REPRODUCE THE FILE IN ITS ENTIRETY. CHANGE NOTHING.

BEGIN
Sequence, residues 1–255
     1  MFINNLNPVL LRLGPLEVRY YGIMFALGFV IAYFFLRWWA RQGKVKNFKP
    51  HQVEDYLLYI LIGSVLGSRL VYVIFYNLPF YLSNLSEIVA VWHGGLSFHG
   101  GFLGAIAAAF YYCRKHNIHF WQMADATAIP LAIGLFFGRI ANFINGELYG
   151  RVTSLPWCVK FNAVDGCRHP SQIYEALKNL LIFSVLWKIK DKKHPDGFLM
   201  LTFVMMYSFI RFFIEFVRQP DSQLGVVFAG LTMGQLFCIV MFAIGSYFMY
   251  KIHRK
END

Sequence, residues 1–255
     1  MFINNLNPVL LRLGPLEVRY YGIMFALGFV IAYFFLRWWA RQGKVKNFKP
    51  HQVEDYLLYI LIGSVLGSRL VYVIFYNLPF YLSNLSEIVA VWHGGLSFHG
   101  GFLGAIAAAF YYCRKHNIHF WQMADATAIP LAIGLFFGRI ANFINGELYG
   151  RVTSLPWCVK FNAVDGCRHP SQIYEALKNL LIFSVLWKIK DKKHPDGFLM
   201  LTFVMMYSFI RFFIEFVRQP DSQLGVVFAG LTMGQLFCIV MFAIGSYFMY
   251  KIHRK